Path to Passion solved a conundrum. The opportunity to create a profile and make your way to Jenny’s rolodex of volunteers would keep our alumni engaged beyond that initial survey, and creating a searchable directory of outcomes would benefit prospective students like Jenny’s son.

In its first year, we’ve developed and expanded our searchable directory to include academics and career fields. We’ve increased engagement with alumni—some of whom were previously hard to find. We’ve placed various alumni on panels and found inspiration for new events. With alumni who participated in Path to Passion we saw twice the conversion in monetary giving. And finally, we generated numerous story leads and social content.

How We Did It

After we realized that the CMS side of things would not be a problem, Jenny set out to create a form that was in depth but not daunting. The questions shape the narrative for the alumni, focusing on their experience with Washington College and the liberal arts. Any school can create the narrative it wants with specific questions. If yours is a research-based institution, ask questions about what kinds of research influenced the alumnus’s path. If your students transfer on to four-year programs from your school, tell the story of how starting at your institution helped them achieve longer-term goals.

We use paid third-party service Wufoo to run the form because it can employ logic and also allows for file uploads; it goes a bit beyond what our CMS’s forms can currently handle.

Lists of alumni were built through the aforementioned survey, through personal contacts, and through some good old-fashioned detective work. Jenny found interesting alumni via Google and then stalked them (in a completely appropriate and legal way). Some of the connections she built from this seemingly simple research provided incredibly interesting stories and fantastic opportunities for these alumni to work with faculty and students.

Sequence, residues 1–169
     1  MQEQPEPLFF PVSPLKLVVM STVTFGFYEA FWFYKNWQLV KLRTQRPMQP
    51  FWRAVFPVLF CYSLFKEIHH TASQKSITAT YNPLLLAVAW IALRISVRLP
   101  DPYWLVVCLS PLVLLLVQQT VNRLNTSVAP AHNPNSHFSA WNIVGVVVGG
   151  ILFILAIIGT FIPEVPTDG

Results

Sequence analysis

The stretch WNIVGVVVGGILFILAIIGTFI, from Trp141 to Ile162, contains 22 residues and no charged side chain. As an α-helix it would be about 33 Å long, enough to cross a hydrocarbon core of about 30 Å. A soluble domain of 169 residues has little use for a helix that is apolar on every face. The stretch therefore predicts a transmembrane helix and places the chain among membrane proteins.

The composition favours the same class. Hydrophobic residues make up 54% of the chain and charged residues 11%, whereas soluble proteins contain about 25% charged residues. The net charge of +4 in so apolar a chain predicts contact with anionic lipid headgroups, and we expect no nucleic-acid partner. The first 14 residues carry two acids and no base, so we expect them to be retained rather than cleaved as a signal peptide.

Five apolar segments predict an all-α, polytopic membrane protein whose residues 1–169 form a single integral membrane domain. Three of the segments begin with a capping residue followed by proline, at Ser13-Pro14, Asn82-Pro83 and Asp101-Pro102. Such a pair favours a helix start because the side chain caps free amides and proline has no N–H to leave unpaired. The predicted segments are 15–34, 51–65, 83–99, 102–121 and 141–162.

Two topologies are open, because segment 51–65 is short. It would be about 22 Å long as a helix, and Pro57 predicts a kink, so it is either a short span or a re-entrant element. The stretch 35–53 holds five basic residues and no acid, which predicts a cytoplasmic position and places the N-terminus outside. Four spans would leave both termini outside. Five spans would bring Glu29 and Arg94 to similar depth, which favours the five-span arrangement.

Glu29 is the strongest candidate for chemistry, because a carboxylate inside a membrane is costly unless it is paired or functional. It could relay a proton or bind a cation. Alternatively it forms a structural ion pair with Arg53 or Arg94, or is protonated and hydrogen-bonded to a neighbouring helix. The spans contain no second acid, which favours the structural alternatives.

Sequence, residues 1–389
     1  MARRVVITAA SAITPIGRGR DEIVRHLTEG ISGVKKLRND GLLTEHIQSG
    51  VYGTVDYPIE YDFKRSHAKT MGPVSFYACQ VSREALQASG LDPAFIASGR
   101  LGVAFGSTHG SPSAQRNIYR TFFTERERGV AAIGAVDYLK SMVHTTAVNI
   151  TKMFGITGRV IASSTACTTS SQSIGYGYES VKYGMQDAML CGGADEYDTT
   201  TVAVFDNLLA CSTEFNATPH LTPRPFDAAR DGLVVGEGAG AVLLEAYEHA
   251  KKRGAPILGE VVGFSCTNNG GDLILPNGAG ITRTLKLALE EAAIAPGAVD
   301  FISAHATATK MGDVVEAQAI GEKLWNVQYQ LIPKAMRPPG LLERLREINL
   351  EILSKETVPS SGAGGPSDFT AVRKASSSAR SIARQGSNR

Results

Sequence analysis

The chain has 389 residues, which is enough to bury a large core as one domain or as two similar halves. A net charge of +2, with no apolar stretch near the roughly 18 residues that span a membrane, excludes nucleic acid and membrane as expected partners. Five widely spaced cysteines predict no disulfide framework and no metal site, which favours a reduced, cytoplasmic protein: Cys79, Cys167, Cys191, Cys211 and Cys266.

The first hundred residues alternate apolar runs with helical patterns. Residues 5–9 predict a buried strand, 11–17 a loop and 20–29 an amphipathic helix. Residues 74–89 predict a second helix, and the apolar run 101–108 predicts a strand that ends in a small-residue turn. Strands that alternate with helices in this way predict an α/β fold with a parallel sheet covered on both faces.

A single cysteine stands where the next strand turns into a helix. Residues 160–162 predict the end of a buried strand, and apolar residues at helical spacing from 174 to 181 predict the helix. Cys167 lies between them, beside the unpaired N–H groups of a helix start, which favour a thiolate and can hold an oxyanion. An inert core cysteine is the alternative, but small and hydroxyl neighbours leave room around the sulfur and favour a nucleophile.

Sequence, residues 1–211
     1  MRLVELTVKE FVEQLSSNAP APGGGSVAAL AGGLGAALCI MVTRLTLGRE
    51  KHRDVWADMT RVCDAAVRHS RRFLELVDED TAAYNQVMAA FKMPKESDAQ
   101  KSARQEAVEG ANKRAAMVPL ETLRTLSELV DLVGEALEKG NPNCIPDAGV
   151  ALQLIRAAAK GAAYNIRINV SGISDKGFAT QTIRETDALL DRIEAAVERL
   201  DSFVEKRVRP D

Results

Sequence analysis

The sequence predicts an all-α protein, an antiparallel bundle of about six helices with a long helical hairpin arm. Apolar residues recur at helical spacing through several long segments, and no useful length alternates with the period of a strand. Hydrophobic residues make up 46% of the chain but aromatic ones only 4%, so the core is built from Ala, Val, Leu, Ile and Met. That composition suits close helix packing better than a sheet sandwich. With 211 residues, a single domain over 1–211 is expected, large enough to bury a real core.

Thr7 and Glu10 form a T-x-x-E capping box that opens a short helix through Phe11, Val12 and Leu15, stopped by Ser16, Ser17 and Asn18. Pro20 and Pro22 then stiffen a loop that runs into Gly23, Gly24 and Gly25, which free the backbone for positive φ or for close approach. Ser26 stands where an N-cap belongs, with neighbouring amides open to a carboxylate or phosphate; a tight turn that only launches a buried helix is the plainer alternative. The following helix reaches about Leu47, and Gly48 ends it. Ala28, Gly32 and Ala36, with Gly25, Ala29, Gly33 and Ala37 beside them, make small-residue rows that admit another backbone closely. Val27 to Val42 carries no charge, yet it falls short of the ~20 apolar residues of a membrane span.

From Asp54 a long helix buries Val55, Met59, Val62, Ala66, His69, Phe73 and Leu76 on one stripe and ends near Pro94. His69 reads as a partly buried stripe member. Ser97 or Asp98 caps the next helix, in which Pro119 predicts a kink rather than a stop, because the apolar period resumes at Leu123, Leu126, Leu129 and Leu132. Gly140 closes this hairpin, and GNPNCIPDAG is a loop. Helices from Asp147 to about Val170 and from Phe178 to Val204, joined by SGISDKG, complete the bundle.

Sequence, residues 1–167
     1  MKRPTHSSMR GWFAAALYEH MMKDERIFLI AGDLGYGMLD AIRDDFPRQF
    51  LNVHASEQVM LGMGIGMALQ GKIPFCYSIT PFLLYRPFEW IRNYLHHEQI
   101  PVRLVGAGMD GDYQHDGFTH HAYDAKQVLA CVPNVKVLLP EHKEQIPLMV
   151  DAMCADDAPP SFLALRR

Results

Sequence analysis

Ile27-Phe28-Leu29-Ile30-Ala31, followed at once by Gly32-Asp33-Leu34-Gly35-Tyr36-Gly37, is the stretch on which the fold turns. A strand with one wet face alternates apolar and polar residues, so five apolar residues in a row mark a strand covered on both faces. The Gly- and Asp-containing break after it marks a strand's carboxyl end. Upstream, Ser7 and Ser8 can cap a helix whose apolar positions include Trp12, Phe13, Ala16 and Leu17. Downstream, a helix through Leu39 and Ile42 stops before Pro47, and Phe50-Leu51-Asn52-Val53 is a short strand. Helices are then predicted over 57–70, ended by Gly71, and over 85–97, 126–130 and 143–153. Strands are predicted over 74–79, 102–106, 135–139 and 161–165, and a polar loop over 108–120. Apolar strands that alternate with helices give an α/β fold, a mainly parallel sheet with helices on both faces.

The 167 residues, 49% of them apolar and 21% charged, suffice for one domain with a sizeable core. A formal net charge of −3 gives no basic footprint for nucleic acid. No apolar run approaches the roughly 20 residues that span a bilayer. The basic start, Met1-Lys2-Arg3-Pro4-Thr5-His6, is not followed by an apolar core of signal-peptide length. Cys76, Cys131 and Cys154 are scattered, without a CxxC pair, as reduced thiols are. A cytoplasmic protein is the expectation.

After they are contacted and complete the form, profiles are created and tagged in our CMS. We use LiveWhale, which makes the idea of profiles super easy because it has a profiles module we were already using for student (and alumni) profiles. If your CMS doesn’t have a profiles module, you can use some sort of dynamic content to make profiles. If you go that route, make sure you come up with an established style guide so your profiles look consistent!

The tagging nomenclature is vital, as it drives the search function of our widgets. We decided ahead of time that we would use academic programs, but as we were creating the form we came up with general career fields to use, and we haven’t expanded these too much. The academic program tags are somewhat overwhelming; we don’t need career fields to get out of hand, too! In the future, we may add tags for athletics—it will depend on the buy-in we get from our coaches and athlete alumni.

How It Turned Out

I can talk in depth about the varied experiences we had reaching out to alumni with personalized emails, with letters from professors, and through general word-of-mouth discussion of Path to Passion—but that’s a long story for another time. The TL;DR version is that our first year went pretty well. We’ve gathered a plethora of profiles, Jenny found inspiration for a new event (Lead Like a Girl), and we’ve continued to grow the program. Recently, we presented our journey at eduWeb Digital Summit in Denver, Colorado. That experience helped me feel like we’ve got something good—and I look forward to continuing to work on this project.